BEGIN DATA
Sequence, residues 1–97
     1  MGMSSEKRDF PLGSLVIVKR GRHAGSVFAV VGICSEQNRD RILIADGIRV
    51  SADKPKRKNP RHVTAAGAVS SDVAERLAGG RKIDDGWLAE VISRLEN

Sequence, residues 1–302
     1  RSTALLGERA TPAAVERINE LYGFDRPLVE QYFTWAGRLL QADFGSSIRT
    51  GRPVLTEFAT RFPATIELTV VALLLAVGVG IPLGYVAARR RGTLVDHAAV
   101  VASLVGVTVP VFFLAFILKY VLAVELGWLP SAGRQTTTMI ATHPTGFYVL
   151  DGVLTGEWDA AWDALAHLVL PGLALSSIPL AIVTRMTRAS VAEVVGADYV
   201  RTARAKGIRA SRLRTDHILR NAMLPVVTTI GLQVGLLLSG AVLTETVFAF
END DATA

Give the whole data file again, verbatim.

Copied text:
Sequence, residues 1–97
     1  MGMSSEKRDF PLGSLVIVKR GRHAGSVFAV VGICSEQNRD RILIADGIRV
    51  SADKPKRKNP RHVTAAGAVS SDVAERLAGG RKIDDGWLAE VISRLEN

Sequence, residues 1–302
     1  RSTALLGERA TPAAVERINE LYGFDRPLVE QYFTWAGRLL QADFGSSIRT
    51  GRPVLTEFAT RFPATIELTV VALLLAVGVG IPLGYVAARR RGTLVDHAAV
   101  VASLVGVTVP VFFLAFILKY VLAVELGWLP SAGRQTTTMI ATHPTGFYVL
   151  DGVLTGEWDA AWDALAHLVL PGLALSSIPL AIVTRMTRAS VAEVVGADYV
   201  RTARAKGIRA SRLRTDHILR NAMLPVVTTI GLQVGLLLSG AVLTETVFAF